A large glass of red wine, a steamy bubble bath, and a cooling face mask are all it takes to make a perfect night in my book. There’s just one (very big) issue: this sheet mask habit of mine isn’t exactly eco-friendly, thanks to all of those single-use materials. That’s why I was more than intrigued when several brands debuted reusable sheet masks in 2020. Nurse JamieSephora CollectionAvant Guard, and Honest Beauty have all created silicone versions of the masks we know and love — but these treatments don’t contain serum of any kind. They’re designed to be worn on top of skincare products of your choosing, then washed, stored away, and re-used infinitely, therefore cutting down on waste from cotton, plastic, hydrogel, and other materials.  

At the risk of sounding like Carrie Bradshaw, I couldn’t help but wonder: What difference can a reusable mask make in my skincare routine if it’s not infused with some sort of brightening or hydrating concoction? I want to make more sustainable choices, but will I have to sacrifice my favorite self-care activity in order to do so?

Nurse Jamie Face Wrap Skin Perfecting Silicone Mask

Buy at Revolve $33

Honest Beauty Reusable Magic Silicone Sheet Mask

Buy at Honest Beauty $15

After doing my full night-time skincare routine, complete with serum, moisturizer, and sometimes a face oil, I simply wear the reusable mask anywhere between 10 to 30 minutes, just as its instructions advise. It has loops on either side to hook around the ears, so it never slides around or falls off, even when I’m up and walking around. When I’m done, I simply take it off, wash it in the sink with warm water and soap, pat it dry with a towel, then place it back in its provided storage bag until next time.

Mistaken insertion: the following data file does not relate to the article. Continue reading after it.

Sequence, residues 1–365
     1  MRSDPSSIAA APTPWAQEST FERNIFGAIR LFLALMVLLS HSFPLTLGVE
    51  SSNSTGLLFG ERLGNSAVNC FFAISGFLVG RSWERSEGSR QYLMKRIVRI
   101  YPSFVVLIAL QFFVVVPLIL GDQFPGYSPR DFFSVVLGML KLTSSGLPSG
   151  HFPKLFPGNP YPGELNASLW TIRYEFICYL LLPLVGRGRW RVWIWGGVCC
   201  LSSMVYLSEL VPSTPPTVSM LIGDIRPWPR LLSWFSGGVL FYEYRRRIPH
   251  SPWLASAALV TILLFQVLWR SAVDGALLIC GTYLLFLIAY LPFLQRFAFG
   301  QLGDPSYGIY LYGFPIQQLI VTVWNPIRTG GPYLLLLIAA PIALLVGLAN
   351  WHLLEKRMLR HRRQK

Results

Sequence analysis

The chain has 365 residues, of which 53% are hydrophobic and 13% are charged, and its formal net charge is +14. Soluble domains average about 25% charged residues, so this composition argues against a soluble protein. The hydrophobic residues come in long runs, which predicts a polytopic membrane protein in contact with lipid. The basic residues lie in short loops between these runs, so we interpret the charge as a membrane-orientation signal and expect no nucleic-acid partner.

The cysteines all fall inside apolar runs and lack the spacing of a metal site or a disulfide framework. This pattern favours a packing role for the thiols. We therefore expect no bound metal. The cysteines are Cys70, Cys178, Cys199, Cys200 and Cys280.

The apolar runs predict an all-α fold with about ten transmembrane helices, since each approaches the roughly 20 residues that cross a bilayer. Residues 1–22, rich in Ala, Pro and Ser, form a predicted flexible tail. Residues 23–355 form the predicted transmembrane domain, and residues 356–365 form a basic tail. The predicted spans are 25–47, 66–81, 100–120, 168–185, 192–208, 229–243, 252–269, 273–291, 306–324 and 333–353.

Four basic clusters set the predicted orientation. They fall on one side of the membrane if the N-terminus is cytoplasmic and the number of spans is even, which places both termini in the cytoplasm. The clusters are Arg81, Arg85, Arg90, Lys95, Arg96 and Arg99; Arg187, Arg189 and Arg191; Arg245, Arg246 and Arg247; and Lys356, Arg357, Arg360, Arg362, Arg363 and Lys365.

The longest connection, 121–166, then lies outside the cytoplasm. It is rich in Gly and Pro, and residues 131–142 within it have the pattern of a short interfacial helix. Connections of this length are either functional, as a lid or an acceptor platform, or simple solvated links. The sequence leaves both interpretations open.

What benefit does this serve beyond the benefit of the skincare routine itself? According to the people who created the Magic Mask, a combination of things — the first one being sustainability, which is what initially drove brand founder Jessica Alba to create it. 

“There’s all of this plastic that you throw away immediately… it’s almost like the sheet mask has become the plastic straw of 2021,” Alba tells Allure. “At the end of the day it’s just some serum and some moisturizer that you’re penetrating into the skin with the mask, so I thought wouldn’t it be great if we could have a more sustainable option?”